Skilled Nursing Facility Cannot Enforce an Arbitration Agreement

A Kentucky Court of Appeals finds that a skilled nursing facility failed to demonstrate that an arbitration agreement was valid and enforceable. In Cherokee Park Rehabilitation v. Callens (Ky. Ct. App., No-2021-CA-0694-MR, August 12, 2022).

On July 14, 2018, Robert Callens, a resident of Cherokee Park Rehabilitation, a skilled nursing facility, fell out of his wheelchair and sustained severe injuries.

After he passed away in November 2018, his children — Collins Callens and Debra Trowell — sued Cherokee Park Rehabilitation for medical and corporate negligence. Both children were executors of the late Mr. Robert Callens’ estate. Mr. Collins Callens served as his agent under a General Power of Attorney, and Mrs. Trowell was his successor agent.

When Mr. Robert Callens moved into the nursing home in June 2017, Signature Healthcare owned the establishment. Upon her father’s admission to the facility, Mrs. Trowell signed Signature Healthcare's arbitration agreement.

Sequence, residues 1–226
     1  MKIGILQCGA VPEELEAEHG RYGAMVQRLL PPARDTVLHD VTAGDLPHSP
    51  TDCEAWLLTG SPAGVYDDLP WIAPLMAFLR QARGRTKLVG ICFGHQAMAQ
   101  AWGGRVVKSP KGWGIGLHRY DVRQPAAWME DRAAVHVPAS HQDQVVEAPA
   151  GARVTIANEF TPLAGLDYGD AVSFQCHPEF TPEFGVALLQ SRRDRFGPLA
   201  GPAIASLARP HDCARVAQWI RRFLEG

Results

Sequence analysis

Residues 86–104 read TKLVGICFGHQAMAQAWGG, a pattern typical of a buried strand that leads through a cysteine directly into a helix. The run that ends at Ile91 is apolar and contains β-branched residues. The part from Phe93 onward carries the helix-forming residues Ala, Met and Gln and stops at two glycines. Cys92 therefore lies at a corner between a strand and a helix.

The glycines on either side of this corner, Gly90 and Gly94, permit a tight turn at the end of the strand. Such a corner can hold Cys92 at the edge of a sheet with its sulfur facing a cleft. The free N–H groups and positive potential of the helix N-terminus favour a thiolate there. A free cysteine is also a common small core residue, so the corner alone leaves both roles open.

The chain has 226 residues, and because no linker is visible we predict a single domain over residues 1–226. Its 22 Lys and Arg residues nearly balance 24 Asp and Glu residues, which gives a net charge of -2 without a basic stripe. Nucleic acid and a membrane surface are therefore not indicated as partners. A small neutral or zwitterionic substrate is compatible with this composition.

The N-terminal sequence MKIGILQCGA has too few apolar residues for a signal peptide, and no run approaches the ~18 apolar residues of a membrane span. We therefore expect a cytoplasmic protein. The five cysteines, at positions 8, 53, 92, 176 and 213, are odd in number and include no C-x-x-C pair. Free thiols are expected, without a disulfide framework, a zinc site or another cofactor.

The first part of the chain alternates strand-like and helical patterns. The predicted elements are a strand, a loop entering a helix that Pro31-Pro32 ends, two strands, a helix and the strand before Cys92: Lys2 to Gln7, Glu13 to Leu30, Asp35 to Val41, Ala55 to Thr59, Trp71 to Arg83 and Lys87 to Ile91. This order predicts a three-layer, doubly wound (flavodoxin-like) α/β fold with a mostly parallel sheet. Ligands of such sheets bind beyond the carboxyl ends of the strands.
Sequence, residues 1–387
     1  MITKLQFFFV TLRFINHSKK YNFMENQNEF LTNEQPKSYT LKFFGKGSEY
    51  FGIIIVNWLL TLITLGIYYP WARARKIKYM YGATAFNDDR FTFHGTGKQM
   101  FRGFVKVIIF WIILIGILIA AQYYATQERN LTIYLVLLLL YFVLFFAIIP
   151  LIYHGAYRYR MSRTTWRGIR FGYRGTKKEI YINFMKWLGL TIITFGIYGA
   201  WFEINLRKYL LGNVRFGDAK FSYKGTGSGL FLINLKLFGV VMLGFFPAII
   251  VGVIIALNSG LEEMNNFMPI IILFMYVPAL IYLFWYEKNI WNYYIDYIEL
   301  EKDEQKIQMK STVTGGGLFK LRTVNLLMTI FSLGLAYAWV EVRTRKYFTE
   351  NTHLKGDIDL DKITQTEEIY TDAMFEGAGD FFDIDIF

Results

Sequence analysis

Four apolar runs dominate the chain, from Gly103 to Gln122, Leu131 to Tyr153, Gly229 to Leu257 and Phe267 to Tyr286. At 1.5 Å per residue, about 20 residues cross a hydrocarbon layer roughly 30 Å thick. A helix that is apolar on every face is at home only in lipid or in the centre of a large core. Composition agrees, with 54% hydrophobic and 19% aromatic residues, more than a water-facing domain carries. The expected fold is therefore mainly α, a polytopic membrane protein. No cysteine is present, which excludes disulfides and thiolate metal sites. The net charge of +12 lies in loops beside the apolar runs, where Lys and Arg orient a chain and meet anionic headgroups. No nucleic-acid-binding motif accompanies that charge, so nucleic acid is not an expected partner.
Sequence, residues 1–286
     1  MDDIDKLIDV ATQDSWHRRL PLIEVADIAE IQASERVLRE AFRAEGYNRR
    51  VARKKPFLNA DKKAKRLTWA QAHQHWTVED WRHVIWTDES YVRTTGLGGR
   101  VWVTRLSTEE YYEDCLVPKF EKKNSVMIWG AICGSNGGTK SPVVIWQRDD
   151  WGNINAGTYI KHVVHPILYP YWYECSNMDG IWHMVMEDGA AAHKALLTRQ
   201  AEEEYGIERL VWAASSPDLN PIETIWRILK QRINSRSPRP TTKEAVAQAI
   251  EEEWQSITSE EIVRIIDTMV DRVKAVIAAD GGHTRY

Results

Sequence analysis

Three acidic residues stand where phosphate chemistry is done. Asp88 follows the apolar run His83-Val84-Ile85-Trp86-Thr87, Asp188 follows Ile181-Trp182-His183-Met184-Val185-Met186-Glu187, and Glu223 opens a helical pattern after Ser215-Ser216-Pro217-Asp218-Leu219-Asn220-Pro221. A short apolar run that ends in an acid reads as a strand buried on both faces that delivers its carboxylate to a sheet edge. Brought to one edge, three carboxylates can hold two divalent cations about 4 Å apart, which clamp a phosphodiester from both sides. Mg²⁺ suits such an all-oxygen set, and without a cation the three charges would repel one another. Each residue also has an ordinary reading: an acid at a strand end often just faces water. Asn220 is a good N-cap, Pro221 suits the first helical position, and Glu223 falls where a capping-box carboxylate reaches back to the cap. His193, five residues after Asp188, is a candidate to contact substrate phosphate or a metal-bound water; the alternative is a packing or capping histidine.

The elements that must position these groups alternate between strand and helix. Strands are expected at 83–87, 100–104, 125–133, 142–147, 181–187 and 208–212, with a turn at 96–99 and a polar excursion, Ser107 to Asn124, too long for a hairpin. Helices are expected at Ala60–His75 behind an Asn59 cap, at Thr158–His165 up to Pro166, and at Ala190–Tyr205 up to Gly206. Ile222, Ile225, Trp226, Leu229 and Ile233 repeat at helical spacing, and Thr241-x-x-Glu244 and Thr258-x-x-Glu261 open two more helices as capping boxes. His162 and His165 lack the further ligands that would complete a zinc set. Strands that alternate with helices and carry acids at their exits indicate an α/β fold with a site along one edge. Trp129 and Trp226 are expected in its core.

Signature Healthcare executed a transfer agreement giving ownership of the nursing home to Cherokee Park in January 2018. The transfer agreement had a contracts section that provided an extensive list of the agreements Cherokee Park assumed, which excluded the arbitration agreement.

In response to the negligence lawsuit, Cherokee Park asked the circuit court to compel arbitration and enforce Signature Healthcare's arbitration agreement. The facility argued that the transfer agreement with Signature Healthcare conveyed the contract.

The circuit court denied the nursing home’s motion, determining that the arbitration agreement was unenforceable. Cherokee Park appealed.

The appeals court concludes that the arbitration agreement is invalid. For a valid transfer of the arbitration agreement, Signature Healthcare must demonstrate clear intent to convey the contract to Cherokee Park. The transfer agreement must identify the arbitration agreement. Despite its long list of contracts, the transfer agreement did not reference the arbitration agreement. Neither Signature Healthcare nor Cherokee Park informed the family that Cherokee Park would take over the arbitration contract.

The court of appeals affirms the circuit court’s order denying Cherokee Park Rehabilitation’s motion to compel arbitration.

Read the entire case here.